Take the 2-minute tour ×
Mathematics Stack Exchange is a question and answer site for people studying math at any level and professionals in related fields. It's 100% free, no registration required.

It is widely known that $$\sum_{m=0}^{n} {n\choose m} = 2^n$$ and that $$\sum_{m=0}^{\lfloor\frac{n}{2}\rfloor}{n\choose 2m} = 2^{n-1}$$ Both results can be proven by exploting the nature of the roots of unity. Analagously, we can find $$\sum_{m=0}^{\lfloor\frac{n}{3}\rfloor}{n\choose 3m}$$ by taking the sum of the equations $$(1+1)^n = {n\choose 0} + {n\choose 1} + {n\choose 2} + {n\choose 3} + \cdots$$ $$(1+\omega)^n = {n\choose 0} + {n\choose 1}\omega + {n\choose 2}\omega^2 + {n\choose 3} + \cdots$$ $$(1+\omega^2)^n = {n\choose 0} + {n\choose 1}\omega^2 + {n\choose 2}\omega + {n\choose 3} + \cdots$$ by taking $\omega$ as a primitive cube root of $1$ and exploiting the fact that the roots of unity sum to $0$, i.e. $1 + \omega + \omega^2 = 0$.

The above method however seems to depend on the fact that every non-trivial root is primitive, so that the method only works for primes (For example, attemtping this method for $k=4$ will quickly run into problems as there is no longer full cancellation). Is there a generalization of this method for finding the sum of every $k$th binomial coefficient for arbitrary $k$? Failing that, does anyone know of any general method for finding such a sum?

share|improve this question
3  
See here: math.stackexchange.com/questions/128490/… –  Zev Chonoles May 7 '12 at 16:05
2  
Could you elaborate on where you see problems for non-prime $k$? –  joriki May 7 '12 at 16:06
2  
It works for all $k$. See en.wikipedia.org/wiki/Discrete_Fourier_transform . –  Qiaochu Yuan May 7 '12 at 16:20
    
By summing those equations, you would get $(1 + 1)^n + (1+\omega)^n + (1+\omega^2)^n = $ the sum of every third coefficient. But how do you get the closed form on that sum? –  andreas.vitikan Mar 14 '13 at 5:21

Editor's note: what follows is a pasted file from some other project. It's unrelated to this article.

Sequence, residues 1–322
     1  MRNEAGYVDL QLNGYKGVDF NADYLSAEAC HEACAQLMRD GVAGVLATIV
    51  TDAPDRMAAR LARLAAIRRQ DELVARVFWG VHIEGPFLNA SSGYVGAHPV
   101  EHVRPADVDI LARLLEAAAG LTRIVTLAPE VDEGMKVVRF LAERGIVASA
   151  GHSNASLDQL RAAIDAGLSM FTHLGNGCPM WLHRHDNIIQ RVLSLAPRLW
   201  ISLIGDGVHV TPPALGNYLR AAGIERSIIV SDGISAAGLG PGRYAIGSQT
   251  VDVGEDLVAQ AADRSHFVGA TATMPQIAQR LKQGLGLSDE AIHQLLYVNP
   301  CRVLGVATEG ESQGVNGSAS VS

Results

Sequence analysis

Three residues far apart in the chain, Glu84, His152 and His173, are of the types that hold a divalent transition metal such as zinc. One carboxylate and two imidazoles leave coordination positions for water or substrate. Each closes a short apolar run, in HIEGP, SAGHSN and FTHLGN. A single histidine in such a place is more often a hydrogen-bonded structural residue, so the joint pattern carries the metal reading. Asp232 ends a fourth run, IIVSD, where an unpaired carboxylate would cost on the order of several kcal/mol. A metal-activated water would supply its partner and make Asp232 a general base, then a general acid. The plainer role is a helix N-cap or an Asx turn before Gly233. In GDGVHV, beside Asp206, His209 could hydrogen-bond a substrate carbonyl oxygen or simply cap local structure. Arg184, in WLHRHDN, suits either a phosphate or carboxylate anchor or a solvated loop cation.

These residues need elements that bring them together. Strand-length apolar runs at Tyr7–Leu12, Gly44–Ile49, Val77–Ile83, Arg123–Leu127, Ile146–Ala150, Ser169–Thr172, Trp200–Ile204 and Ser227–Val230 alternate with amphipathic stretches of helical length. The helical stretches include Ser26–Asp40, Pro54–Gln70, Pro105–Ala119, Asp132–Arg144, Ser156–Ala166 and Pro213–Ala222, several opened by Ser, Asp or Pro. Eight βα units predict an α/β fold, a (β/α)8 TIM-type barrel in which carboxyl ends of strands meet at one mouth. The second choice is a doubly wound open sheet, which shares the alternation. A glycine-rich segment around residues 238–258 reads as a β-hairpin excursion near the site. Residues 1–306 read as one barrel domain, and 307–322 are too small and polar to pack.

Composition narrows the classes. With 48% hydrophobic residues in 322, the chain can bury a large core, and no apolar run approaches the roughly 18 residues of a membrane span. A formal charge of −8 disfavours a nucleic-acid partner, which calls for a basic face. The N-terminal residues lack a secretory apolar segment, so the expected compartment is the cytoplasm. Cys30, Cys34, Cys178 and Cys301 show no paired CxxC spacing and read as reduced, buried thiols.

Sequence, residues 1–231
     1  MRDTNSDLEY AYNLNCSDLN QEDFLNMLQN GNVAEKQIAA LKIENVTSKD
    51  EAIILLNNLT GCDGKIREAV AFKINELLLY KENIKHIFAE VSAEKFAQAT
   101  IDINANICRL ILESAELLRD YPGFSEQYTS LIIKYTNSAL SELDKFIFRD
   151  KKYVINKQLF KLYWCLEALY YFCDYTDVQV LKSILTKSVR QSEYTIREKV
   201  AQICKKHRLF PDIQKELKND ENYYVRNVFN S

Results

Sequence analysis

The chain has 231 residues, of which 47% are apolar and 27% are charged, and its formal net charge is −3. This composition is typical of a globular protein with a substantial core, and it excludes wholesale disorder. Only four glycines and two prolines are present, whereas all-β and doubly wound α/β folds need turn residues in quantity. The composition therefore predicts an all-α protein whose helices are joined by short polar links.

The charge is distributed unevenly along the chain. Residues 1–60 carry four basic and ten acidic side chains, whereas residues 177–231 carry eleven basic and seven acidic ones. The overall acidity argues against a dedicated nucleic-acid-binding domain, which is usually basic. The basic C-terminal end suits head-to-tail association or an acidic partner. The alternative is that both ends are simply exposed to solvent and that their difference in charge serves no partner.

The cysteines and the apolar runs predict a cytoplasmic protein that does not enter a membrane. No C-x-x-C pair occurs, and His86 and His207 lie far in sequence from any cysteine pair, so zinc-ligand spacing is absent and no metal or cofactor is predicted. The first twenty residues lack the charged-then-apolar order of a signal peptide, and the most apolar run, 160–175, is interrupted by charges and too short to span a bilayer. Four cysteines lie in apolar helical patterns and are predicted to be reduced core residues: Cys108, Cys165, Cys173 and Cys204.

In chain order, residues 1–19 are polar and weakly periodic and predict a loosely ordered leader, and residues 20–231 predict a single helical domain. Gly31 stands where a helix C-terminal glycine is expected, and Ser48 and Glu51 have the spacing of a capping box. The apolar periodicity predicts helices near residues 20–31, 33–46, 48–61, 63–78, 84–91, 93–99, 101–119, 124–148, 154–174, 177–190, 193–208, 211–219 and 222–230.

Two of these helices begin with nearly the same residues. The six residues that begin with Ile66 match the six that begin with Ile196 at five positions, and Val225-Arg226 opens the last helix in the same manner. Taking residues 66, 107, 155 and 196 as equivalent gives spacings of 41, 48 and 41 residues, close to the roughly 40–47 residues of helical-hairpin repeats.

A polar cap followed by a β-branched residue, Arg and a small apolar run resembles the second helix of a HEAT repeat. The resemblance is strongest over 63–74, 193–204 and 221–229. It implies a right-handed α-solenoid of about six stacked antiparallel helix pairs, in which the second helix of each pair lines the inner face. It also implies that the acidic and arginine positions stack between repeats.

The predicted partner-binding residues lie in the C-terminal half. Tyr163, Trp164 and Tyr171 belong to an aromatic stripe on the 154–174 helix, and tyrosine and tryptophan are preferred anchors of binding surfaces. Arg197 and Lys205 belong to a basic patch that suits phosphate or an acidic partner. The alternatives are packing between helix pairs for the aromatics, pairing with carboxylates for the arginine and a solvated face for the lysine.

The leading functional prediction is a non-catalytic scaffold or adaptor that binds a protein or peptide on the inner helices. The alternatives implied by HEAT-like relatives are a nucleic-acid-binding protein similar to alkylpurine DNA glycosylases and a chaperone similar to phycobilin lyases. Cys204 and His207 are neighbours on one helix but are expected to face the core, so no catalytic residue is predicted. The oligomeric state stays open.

1 Answer 1

up vote 2 down vote accepted

Actually the above method works for all numbers, not only primes. In your case for $n=4$, at the squares you get $1+(-1)+1+(-1)$.

This lemma will help you:

Lemma Let $\omega_1,..,\omega_l$ be all l-th root of unity. Then

$$ \sum_{i=1}^l \omega_i^k = \left\{ \begin{array}{l c} 0 & \mbox{ if l doesn't divide k} \\ l & \mbox{ if l divides k} \\ \end{array} \right. $$

Proof: Second is trivial. For First, pick some $\omega$ primitive root and observe that

$$\sum_{i=1}^l \omega_i^k = \sum_{i=1}^l \omega_i^k \omega^k$$

Thus

$$(1-\omega^k)\sum_{i=1}^l \omega_i^k =0$$

P.S. The same method can also be used to calculate $$\sum_{m=0}^{\lfloor\frac{n}{k}\rfloor}{n\choose km+r}$$ for $0 \leq r < k$. To do this, you simply add

$$\omega_i^{-r} (1+\omega_i)^n$$

share|improve this answer
    
In your first $\sum$ formula, I think you mean $m$, not $n$. It would probably be clearer if you hadn't made $m$ the multiplier, when the OP had $m$ as the bound variable of his $\sum$ –  Thomas Andrews May 7 '12 at 17:13
    
@ThomasAndrews Ty, fixed it... I think... –  N. S. May 7 '12 at 17:28

Your Answer

 
discard

By posting your answer, you agree to the privacy policy and terms of service.

Not the answer you're looking for? Browse other questions tagged or ask your own question.